Hence, the pupils who take part in the camp are specially selected for their academic ability and leadership quality.  

“They not only have to teach their schoolmates when they get back, but also set up computer clubs,” says Mohd Hanif. 

Despite their “heavy responsibility”, the pupils show much enthusiasm and are eager to learn. 

“I know a bit about computers but I still have a lot to learn. This place looks like fun, so I am quite excited,” says Siti Madiah, 11, from SK Sri Pantai, Tawau.  

To the 100 pupils and their teachers, a bit of hard work and discipline is a small price to pay for the knowledge they gain from the seven-day camp. 

Working in a “train the trainer” model, the camp is designed so that teachers and children can pass all that they learn to their friends when they return to school. Hence knowledge and skill are disseminated for the benefit of many. 

The camp at Beringgis Beach Resort had pupils aged 10 and 11, and their teachers from 17 schools, all eager to learn basic computer skills, the basic functions of Microsoft Word and PowerPoint programmes, Internet navigation, and the use of Internet for educational purposes.  

Mostly, they learnt not to be afraid of the computer. 

Says teacher Zuraidah Ismail, of SK Bukit Balacan, Lahad Datu, the lack of infrastructure is only part of the problem in rural areas. 

“Most students don’t have enough exposure to IT and do not know how to use computers to help themselves. They can play games but are not sure how to use it for learning and research,” she says. 

According to her, the Internet penetration rate in her school is less than 50%, but the pupils who have been selected to participate in the camp are those familiar with IT. 

Her colleague, Siti Rubiah Samad, says that while most of those who attend the camp have at least minimal experience in IT (some have computers at home), there is so much for them to learn. 

“Many only know how to play games. After the camp, I think they will be able to use their computer knowledge to improve their studies as well as help their friends who do not have access to computers or have no IT experience,” she says. 

Teacher Harris Majis of SK Pulau Bait, Semporna, shares Siti Rubiah’s enthusiasm.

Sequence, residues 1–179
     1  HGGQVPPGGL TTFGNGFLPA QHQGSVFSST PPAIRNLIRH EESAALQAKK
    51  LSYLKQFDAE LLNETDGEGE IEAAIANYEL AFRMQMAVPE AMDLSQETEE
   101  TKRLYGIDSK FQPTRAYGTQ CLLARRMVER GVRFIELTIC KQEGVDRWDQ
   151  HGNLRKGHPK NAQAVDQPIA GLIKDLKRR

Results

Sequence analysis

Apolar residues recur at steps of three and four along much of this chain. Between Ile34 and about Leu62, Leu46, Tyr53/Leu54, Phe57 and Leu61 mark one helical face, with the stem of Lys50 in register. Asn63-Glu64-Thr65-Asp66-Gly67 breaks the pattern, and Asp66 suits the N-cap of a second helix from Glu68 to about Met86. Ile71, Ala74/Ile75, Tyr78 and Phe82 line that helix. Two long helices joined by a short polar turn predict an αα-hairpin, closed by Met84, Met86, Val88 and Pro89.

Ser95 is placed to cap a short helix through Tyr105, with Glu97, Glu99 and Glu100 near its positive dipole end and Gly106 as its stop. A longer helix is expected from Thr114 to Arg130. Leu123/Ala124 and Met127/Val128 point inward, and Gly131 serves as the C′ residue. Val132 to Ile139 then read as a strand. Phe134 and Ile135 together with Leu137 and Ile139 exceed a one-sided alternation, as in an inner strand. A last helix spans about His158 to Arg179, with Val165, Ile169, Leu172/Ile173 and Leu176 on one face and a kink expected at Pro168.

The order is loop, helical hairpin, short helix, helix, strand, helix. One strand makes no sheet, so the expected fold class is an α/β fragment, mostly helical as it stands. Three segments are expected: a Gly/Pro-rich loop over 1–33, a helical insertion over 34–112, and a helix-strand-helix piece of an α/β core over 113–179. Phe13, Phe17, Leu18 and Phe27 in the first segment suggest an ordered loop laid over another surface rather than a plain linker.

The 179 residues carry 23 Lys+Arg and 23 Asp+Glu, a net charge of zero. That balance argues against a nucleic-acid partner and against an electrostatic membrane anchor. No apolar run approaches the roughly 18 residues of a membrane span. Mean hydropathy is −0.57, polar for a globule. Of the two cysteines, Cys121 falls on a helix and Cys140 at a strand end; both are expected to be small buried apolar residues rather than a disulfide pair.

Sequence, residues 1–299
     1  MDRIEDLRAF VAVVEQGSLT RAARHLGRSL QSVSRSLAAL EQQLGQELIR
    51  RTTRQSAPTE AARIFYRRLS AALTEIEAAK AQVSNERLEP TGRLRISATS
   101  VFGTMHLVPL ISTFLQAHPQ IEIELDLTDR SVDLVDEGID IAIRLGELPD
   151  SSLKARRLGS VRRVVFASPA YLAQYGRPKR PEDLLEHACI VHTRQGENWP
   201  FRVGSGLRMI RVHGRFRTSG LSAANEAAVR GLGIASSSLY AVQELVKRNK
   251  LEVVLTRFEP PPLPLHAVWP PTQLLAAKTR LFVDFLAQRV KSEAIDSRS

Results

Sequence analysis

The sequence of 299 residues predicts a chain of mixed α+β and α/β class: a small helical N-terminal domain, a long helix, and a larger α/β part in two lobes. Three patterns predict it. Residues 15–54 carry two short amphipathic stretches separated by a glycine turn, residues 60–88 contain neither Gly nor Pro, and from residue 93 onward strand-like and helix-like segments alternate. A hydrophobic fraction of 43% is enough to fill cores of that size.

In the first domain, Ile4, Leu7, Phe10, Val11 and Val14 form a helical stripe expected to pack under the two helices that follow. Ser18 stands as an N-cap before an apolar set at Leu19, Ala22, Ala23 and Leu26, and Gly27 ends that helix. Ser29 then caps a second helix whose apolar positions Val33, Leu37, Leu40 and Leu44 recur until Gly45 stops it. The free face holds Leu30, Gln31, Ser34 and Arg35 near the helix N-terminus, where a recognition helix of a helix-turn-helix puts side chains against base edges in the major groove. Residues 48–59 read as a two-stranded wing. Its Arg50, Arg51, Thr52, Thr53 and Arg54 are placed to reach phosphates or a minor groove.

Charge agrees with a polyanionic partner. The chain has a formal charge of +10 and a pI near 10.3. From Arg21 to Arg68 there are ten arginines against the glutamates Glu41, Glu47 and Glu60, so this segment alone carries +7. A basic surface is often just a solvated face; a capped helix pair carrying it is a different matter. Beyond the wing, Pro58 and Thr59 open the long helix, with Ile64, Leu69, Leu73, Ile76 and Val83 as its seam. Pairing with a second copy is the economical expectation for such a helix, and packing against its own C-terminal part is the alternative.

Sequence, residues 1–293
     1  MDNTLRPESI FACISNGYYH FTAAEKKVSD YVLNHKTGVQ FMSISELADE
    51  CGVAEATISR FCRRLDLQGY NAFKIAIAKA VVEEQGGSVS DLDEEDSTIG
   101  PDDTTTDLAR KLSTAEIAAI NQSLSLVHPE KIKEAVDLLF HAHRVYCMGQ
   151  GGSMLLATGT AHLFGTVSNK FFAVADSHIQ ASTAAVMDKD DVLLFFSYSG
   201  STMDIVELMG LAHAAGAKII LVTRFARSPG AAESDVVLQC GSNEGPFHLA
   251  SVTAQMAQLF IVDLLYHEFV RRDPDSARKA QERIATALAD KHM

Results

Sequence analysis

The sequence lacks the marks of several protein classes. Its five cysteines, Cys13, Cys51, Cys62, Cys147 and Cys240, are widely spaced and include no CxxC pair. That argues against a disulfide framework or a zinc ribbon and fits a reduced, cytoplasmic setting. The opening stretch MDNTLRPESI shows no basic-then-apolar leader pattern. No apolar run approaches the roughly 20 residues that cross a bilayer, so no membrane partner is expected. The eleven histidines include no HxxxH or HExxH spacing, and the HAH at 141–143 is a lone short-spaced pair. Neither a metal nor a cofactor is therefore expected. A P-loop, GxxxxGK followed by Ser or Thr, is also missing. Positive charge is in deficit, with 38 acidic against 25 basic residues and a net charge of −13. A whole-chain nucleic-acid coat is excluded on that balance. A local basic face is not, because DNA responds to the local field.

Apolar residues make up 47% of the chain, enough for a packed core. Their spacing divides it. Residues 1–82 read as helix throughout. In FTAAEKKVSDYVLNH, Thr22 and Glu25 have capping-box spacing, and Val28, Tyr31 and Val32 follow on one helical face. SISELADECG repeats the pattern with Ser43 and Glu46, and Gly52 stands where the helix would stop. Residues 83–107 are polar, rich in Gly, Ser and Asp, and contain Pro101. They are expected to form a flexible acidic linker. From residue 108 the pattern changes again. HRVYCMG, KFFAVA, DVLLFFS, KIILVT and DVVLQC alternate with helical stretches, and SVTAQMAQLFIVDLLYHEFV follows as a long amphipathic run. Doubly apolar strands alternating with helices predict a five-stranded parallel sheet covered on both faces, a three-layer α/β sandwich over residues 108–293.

“We have just received our computers from the ministry and they created such a buzz. The training will come in handy when we go back to school and set up the lab and look into training,” he says. 

For continuity, the schools are given the opportunity to create their own websites, which will be hosted by Maxis. The websites will link them to other schools and communities.  

The pupils will also be given access to Maxis’ learning programmes through its community website which offers online tutorials for subjects such as English, Science and Mathematics, as well as self-development programmes.  

The cyber camp might not produce IT whiz kids overnight, but it will certainly empower school children to face the challenges of the k-economy, says Maxis CEO Jamaludin. 

“We believe that the camps will be effective in achieving our aims to bridge the rural-urban digital divide. By adopting schools, we can help one, two, or, at the most, 10 schools. This way, we can help 100 schools a year. At the end of the day, more will benefit.” 

For the children, the camp opens up a whole new world to them. 

Mohd Zulfikar Ambotang, Mohd Syukri Zaharudin and Mohd Haniff Basa say excitedly the cyber camp is an experience of a lifetime. They might be having a lot of fun in the games, outdoor activities and making friends, they say, but nothing beats exploring the computer and the Internet. 

“We never knew that there is so much to see and do on the computer. We are having a great time and we are so glad that we came,” says Mohd Zulfikar, speaking for the trio.